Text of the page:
Oct 25 (Reuters) - Canadian oil and gas producer Nexen Inc said it still expects a $15.1 billion takeover bid by China’s CNOOC Ltd to close in the current quarter.
Nexen, which reported a 71 percent fall in third-quarter profit on Thursday, struck a takeover deal with CNOOC in July but the politically sensitive deal remains in limbo as the Canadian government determines whether it is of “net benefit” to the country.
CNOOC’s chief financial officer, Zhong Hua, told reporters on Wednesday that his company expected to get approval for the takeover by the end of the year.
Ottawa has promised to release a set of clear guidelines for large foreign investments when it announces its decision on the CNOOC takeover bid around Nov. 11.
Doubts about the fate of the CNOOC bid increased last week when Canada blocked a $5.2 billion bid by Malaysian state oil company Petronas for Progress Energy Resources Corp .
Nexen’s shares have traded well below CNOOC’s bid price of $27.50 since the deal was announced, reflecting concerns that Ottawa may block the deal, which has raised concerns about investments in Canadian resource projects by companies linked to foreign governments.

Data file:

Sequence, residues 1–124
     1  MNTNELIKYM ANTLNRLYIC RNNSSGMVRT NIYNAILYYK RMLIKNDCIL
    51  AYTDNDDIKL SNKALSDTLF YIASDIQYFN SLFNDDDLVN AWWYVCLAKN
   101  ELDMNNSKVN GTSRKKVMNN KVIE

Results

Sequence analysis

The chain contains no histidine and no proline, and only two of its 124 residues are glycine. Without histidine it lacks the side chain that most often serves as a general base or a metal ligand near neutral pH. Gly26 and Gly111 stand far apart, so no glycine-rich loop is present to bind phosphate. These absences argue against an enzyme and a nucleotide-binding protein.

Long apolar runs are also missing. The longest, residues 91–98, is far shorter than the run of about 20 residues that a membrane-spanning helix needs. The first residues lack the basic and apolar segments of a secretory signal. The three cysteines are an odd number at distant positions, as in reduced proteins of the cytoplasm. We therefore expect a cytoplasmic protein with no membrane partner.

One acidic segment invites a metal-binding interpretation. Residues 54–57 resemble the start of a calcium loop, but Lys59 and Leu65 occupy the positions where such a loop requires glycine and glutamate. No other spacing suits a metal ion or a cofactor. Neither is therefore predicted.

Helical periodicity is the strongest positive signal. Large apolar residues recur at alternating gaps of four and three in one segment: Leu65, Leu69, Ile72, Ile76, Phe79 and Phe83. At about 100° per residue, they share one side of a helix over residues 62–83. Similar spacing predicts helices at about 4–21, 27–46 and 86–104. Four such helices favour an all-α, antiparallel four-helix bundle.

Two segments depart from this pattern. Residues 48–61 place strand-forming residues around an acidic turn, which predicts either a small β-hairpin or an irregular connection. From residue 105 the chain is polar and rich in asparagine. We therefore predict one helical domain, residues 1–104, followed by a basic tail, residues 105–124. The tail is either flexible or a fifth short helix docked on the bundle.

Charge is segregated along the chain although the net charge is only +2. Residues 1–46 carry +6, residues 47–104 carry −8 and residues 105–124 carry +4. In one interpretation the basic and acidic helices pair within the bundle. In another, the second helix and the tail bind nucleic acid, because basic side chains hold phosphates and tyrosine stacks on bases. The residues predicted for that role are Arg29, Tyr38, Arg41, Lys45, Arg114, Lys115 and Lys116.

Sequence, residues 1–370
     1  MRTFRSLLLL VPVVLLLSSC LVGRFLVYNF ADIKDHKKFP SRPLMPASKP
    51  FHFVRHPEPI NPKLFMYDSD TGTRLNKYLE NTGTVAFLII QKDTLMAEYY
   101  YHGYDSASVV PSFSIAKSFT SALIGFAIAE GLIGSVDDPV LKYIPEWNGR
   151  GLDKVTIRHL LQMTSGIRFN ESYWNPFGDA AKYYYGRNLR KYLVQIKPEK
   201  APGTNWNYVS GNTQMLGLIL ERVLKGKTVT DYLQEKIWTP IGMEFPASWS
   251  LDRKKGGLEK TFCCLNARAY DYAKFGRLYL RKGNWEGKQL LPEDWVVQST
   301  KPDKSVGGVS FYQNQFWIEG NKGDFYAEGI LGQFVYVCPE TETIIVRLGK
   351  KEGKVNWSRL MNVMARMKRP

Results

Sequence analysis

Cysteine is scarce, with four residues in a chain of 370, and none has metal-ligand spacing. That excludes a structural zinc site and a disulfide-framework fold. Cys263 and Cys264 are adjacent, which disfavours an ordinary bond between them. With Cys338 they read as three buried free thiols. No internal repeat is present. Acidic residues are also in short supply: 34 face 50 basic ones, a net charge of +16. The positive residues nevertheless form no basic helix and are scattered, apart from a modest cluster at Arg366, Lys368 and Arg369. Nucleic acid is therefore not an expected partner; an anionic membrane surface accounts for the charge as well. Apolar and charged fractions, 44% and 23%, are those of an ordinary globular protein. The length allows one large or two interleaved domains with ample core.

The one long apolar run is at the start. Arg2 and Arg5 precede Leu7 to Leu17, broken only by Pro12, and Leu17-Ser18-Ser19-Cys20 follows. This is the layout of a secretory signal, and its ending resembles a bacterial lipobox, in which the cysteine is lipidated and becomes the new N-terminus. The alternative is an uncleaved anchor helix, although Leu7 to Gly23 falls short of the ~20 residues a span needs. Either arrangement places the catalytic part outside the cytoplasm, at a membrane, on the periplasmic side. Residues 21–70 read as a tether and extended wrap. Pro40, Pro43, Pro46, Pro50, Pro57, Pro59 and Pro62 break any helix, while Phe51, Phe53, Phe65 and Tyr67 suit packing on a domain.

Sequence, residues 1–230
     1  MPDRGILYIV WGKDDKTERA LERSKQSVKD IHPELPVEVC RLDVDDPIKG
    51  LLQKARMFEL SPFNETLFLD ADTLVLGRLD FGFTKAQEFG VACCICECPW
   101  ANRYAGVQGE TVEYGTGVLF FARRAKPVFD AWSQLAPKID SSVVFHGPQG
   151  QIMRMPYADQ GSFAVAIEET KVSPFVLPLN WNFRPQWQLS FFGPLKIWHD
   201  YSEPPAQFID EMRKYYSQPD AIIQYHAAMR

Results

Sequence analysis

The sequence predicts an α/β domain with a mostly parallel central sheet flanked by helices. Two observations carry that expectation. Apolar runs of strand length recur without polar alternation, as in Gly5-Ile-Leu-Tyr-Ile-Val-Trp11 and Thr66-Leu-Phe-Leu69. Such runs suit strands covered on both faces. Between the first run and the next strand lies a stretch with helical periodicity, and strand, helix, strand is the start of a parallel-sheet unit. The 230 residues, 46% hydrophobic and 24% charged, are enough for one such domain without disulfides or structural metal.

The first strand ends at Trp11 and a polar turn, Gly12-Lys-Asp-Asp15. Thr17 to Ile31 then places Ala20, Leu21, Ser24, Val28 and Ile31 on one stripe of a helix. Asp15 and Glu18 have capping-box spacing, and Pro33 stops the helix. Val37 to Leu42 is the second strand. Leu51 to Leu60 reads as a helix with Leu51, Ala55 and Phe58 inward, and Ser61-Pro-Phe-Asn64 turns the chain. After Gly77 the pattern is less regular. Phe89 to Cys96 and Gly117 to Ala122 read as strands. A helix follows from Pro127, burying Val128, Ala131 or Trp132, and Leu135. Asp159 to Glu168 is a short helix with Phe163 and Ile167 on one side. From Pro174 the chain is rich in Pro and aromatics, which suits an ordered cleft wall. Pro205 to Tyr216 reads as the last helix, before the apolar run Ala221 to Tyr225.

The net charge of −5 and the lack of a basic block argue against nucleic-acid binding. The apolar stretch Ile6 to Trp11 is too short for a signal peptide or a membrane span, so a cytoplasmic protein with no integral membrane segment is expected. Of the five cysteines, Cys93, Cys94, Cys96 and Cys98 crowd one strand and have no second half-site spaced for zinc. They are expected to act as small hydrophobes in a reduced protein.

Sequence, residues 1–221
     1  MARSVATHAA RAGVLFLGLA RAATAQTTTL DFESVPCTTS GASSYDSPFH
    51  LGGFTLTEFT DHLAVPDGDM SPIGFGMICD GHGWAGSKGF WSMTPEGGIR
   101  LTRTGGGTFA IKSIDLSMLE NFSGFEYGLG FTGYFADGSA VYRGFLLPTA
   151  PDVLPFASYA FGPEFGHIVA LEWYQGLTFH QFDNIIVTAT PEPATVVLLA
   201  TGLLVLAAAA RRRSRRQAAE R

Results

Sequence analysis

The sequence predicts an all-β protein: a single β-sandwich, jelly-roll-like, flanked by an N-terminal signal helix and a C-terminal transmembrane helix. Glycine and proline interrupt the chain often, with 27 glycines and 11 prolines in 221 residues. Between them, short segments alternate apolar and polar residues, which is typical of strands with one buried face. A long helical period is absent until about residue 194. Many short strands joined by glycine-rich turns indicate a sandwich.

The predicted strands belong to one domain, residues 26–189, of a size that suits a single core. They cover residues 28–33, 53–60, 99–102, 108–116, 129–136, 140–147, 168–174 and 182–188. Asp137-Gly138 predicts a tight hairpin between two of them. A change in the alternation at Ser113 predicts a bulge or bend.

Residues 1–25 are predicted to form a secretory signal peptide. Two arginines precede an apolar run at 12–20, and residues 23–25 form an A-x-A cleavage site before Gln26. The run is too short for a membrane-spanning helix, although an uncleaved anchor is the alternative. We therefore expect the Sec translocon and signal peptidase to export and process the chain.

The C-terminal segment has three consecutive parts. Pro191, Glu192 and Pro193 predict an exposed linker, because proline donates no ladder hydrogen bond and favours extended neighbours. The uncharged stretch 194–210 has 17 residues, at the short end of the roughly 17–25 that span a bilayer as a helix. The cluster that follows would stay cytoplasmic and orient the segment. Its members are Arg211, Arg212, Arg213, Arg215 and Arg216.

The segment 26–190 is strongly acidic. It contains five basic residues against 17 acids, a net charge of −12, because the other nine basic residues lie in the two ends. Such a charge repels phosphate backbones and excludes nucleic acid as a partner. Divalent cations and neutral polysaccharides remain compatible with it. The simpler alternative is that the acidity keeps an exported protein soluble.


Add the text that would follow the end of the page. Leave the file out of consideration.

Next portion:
The stock closed at C$23.63 in Toronto and $23.76 in New York on Wednesday.
“We continue to expect the arrangement to close in the fourth quarter of 2012,” Nexen said in its earnings statement.
Nexen said its net income fell to C$59 million ($59.5 million), or 11 Canadian cents per share, in the quarter, from C$200 million, or 32 Canadian cents per share, a year earlier.
The company said lower production volumes and higher operating costs due in part to planned maintenance work at Long Lake oil sands development in Alberta and Buzzard offshore oil venture in the North Sea had hurt results in the quarter.
Nexen, the operator of Buzzard, the biggest UK oil field, said it was in the process of restarting Buzzard, which has been shut since early September, and that it expected production to ramp up in the next week to 10 days.
The company said net sales in the quarter rose about 7 percent to C$1.5 billion.
Production before royalties fell 3 percent to 181,000 barrels of oil equivalent per day (boe/d).
Cash flow, a glimpse into the company’s ability to fund development, rose to C$560 million, or C$1.06 per share, from C$516 million, or 98 Canadian cents per share, a year earlier.
Nexen said it was on track to meet its annual production forecast of 185,000 to 220,000 boe/d.